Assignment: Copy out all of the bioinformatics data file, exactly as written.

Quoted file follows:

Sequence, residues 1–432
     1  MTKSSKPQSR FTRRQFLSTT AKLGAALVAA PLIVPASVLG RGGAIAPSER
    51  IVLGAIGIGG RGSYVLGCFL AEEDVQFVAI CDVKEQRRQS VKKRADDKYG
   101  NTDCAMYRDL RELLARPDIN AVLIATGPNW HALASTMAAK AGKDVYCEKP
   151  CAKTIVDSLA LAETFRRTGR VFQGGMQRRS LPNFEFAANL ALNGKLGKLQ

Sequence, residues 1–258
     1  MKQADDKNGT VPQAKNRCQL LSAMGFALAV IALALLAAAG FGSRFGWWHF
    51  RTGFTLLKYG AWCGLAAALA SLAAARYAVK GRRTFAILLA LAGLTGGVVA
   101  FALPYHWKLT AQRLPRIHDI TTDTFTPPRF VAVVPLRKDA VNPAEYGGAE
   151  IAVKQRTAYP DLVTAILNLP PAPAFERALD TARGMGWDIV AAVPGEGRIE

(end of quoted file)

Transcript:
Sequence, residues 1–432
     1  MTKSSKPQSR FTRRQFLSTT AKLGAALVAA PLIVPASVLG RGGAIAPSER
    51  IVLGAIGIGG RGSYVLGCFL AEEDVQFVAI CDVKEQRRQS VKKRADDKYG
   101  NTDCAMYRDL RELLARPDIN AVLIATGPNW HALASTMAAK AGKDVYCEKP
   151  CAKTIVDSLA LAETFRRTGR VFQGGMQRRS LPNFEFAANL ALNGKLGKLQ

Sequence, residues 1–258
     1  MKQADDKNGT VPQAKNRCQL LSAMGFALAV IALALLAAAG FGSRFGWWHF
    51  RTGFTLLKYG AWCGLAAALA SLAAARYAVK GRRTFAILLA LAGLTGGVVA
   101  FALPYHWKLT AQRLPRIHDI TTDTFTPPRF VAVVPLRKDA VNPAEYGGAE
   151  IAVKQRTAYP DLVTAILNLP PAPAFERALD TARGMGWDIV AAVPGEGRIE